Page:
A Little Ray of Sunshine

Monday, April 24, 2006

Spring in the air

Saturday my husband and a friend worked on the yard. They weeded the front garden (which is, we hope, to eventually need no more maintanance than occasional pruning of the forsithias and watering, but isn't there yet). The friend sprayed the yard for the dandylions and other broadleaf weeds. Since perhaps two-thirds of our ground cover consists of these plants, we're expecting the yard to look pretty terrible pretty soon. It would be nicer to pull them out by hand in terms of not having the poisen spray, but completely impracticle. The basswood tree got pruned down to one trunk. It was a volunteer seedling from my parents' big trees that started in Mom's rose garden. My folks left it there for a few years, well, because they weren't sure the cherry in the garden was going to live, and they need some decently sized tree in that area to shade the front door. They've been trying for twenty years to get two cherry trees to grow at their house, and for twenty years have had just the one. This year it looks like the little one will bloom, too, and finally they'll get a good cherry crop.
So last fall they told us we could have the basswood if we'd just take it out of the rose garden. It had about fifteen trunks coming up from the base. We cut off all but the five straightest central trunks, dug it out as best we could (without damaging the roses or cherry, weren't sure we got enough root to keep it alive), stuck it in the ground here, and left it for the winter. Well, it's a hardy little tree and made it through the winter just fine. With the buds all swollen and green, the men decided it was time to thin it down to the best of the five trunks.
The tulips are all up in the front garden with their spiky leaves, and so are the iris. The forsithia are considering putting out leaves. I can't blame them for delaying a bit, between the snow last week and how severely the men pruned them back last year before moving them. (I can tell they're delaying because usually forsithia leaf before lilac, but the lilac next door has already leafed.) The ground cover ivy has sprouted, and the columbines are growing enthusiasticly. They all seem a little ahead of season to me.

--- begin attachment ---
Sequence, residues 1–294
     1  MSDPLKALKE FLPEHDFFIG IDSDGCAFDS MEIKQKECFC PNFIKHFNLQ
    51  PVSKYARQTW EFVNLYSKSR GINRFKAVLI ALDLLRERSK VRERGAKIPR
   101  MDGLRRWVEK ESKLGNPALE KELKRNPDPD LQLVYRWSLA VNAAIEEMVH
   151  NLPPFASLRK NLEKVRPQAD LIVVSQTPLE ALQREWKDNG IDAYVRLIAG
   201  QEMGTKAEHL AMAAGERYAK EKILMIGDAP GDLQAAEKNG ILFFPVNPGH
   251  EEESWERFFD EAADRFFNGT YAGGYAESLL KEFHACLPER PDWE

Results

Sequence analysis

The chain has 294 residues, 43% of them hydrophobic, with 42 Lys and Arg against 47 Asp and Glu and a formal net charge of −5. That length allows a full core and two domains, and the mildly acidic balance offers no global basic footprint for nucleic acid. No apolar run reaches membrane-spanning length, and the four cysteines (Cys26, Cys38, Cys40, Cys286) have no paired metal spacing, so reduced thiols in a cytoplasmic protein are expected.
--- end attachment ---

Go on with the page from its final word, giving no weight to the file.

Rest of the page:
Dad says that the winters have generally been getting milder here and spring coming earlier. Globle warming, he says. Well, perhaps so, but I'm still suspicious that it's just a temporary thing. Sun-spot cycles and all, you know. This year, instead of whining about drought, the farmers are whining about flooding. I suppose they feel it's their duty to whine about water.
Yesterday we planted the peas and parsnips out at my folks. Perhaps next week it will be warm enough for beans. It was horribly windy, a storm was blowing in. I strongly suggest not to try to plant parsnips in the wind. The seeds are perfect little kites. There might be some lovely parsnip plants coming up on the little rise west of the garden where the wind blew the seeds it snatched out of my hands. But the storm was good in other ways: we got done planting just before the rain started, and seeds do like to be watered.